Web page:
Reactor accident in Japan has dampened public support.
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Americans haven't warmed to nuclear energy in the year since the Fukushima meltdowns, according to a new survey.
The poll, done by ORC International for the nonprofit, nonpartisan Civil Society Institute (CSI), found that 57 percent support nuclear power less than they did before the March 11 earthquake and tsunami that resulted in the crisis at the Japanese nuclear complex.
In addition, 77 percent said they back "using clean renewable energy resources such as wind and solar and increased energy efficiency as an alternative to more nuclear power in the United States." And an equal percentage said they wanted to see federal loan guarantees shifted from nuclear to wind and solar power.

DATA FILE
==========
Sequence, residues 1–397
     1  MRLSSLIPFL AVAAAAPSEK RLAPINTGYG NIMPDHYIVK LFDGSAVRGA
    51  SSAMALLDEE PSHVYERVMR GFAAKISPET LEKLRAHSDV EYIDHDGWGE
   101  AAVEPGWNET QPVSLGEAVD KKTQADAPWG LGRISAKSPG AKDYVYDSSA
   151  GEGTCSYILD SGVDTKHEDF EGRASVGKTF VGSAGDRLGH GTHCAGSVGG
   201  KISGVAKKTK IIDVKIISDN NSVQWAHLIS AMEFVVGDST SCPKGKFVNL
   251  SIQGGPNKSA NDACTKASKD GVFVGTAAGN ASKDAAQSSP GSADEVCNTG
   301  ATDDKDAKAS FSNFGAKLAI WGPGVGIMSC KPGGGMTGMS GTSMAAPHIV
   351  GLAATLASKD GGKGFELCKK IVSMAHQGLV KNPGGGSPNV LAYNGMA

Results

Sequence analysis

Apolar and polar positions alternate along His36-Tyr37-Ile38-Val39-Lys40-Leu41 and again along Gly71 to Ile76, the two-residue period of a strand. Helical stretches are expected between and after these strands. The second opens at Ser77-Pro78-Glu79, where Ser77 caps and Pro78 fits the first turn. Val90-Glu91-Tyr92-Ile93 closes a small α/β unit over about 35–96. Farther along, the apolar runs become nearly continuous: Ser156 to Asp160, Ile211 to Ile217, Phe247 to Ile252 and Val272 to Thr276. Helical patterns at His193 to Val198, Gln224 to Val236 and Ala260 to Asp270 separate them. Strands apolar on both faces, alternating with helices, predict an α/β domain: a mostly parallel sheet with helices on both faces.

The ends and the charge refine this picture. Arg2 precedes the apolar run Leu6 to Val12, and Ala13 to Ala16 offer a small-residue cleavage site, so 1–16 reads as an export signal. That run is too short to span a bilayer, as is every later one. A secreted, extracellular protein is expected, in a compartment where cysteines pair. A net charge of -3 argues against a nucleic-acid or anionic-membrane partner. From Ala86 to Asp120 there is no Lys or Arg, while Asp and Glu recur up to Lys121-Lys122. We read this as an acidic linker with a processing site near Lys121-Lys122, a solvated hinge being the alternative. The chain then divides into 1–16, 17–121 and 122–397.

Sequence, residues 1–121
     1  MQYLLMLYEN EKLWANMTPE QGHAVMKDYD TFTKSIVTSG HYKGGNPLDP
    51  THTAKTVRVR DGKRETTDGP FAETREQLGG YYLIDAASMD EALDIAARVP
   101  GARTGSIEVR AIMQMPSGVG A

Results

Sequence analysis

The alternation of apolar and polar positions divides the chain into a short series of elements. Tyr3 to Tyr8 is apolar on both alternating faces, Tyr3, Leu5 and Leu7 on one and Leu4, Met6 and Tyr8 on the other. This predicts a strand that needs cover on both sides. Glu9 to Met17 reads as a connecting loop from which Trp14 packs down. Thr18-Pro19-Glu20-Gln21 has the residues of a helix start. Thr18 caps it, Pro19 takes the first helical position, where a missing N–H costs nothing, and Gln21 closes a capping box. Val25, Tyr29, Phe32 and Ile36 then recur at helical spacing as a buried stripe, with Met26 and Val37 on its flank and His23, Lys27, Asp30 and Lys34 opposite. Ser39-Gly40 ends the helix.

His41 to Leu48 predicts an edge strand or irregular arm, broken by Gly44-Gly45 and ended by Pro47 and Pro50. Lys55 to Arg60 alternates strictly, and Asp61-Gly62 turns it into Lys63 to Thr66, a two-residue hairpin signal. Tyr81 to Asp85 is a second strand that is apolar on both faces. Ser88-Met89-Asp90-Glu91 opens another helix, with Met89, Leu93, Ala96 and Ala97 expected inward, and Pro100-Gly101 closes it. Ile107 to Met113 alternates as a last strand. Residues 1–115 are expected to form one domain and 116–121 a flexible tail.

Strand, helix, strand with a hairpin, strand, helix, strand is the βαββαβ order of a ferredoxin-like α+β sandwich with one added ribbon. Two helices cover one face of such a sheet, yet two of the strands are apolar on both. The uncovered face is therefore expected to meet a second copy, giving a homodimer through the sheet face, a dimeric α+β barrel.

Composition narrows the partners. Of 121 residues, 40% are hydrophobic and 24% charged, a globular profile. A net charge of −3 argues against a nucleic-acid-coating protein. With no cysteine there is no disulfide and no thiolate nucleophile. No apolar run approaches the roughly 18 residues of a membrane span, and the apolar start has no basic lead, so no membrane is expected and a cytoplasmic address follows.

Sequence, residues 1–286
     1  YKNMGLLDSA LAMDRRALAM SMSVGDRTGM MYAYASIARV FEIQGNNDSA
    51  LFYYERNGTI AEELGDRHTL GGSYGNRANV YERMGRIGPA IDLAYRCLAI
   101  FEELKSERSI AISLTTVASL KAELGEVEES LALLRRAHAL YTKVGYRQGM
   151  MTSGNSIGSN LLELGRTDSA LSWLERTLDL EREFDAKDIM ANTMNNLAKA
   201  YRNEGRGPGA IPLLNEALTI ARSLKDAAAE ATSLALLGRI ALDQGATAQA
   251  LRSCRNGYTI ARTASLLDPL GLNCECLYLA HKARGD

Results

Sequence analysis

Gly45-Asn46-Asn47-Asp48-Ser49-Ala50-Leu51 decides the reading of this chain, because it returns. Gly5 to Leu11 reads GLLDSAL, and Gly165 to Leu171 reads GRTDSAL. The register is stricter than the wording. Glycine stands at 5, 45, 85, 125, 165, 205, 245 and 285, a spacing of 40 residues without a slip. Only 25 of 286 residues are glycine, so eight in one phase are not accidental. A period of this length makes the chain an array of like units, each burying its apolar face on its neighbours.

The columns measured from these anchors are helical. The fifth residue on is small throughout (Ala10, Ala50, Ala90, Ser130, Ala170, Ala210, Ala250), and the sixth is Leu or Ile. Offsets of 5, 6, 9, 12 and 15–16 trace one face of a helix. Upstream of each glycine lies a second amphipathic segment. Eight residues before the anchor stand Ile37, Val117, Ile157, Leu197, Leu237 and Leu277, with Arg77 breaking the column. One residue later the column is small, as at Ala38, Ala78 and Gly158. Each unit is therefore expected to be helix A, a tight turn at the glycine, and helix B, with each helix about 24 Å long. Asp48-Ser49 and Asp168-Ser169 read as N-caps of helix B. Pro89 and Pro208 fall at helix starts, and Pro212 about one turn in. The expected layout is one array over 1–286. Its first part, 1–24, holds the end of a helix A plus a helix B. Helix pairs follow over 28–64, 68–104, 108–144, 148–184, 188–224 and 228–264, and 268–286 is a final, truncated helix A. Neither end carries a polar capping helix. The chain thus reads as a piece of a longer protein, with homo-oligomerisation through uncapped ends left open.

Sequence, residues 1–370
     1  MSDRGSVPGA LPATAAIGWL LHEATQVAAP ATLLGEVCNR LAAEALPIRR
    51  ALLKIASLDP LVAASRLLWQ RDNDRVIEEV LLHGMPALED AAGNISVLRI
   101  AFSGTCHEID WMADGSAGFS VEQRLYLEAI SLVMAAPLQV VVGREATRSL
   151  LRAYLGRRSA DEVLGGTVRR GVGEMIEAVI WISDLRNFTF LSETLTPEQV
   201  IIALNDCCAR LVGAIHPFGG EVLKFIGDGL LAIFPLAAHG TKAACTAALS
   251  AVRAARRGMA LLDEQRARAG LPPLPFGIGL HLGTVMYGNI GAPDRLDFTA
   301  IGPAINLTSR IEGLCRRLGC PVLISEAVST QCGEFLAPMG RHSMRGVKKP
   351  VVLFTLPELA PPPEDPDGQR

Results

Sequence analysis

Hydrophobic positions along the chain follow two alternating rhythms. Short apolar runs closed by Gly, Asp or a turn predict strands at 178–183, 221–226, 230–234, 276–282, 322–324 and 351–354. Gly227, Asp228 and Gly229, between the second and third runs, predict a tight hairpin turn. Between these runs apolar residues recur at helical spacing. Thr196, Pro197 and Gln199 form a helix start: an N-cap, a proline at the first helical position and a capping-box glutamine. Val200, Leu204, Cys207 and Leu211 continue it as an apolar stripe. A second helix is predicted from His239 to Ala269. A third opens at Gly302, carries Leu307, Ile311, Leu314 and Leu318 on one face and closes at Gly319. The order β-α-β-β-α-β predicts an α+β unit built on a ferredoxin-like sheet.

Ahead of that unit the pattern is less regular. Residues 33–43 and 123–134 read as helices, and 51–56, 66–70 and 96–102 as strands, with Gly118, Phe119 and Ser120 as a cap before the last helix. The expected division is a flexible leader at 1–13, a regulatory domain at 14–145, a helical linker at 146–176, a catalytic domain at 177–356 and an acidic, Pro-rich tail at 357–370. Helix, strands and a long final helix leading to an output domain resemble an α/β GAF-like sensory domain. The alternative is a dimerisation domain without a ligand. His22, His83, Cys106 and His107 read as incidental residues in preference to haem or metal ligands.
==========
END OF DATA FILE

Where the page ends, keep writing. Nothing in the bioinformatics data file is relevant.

ORC surveyed 1,032 Americans February 23-26. It compared the results with similar polls a year ago and added a question about public reactions to nuclear incidents in the United States over the past year. Its findings run counter to similar polls that have been published by the nuclear industry.
Robert Alvarez, a former senior adviser to the U.S. Energy Secretary who advocated for nuclear worker compensation, said the poll results pointed to a continuing trend of wariness about nuclear energy.
"This survey shows why the industry has no future unless the U.S. government props it up and forces the public to bear the risks,"he said.
Utah does not have a nuclear power plant, but a Provo-based company is taking steps to apply for a reactor site permit from the U.S. Nuclear Regulatory Commission next year. The 3,000-megawatt plant is being proposed for a location near the intersection of Interstate 70 and U.S. Highway 6 in Emery County by Blue Castle LLC.
The full survey results can be seen at: CivilSocietyInstitute.org.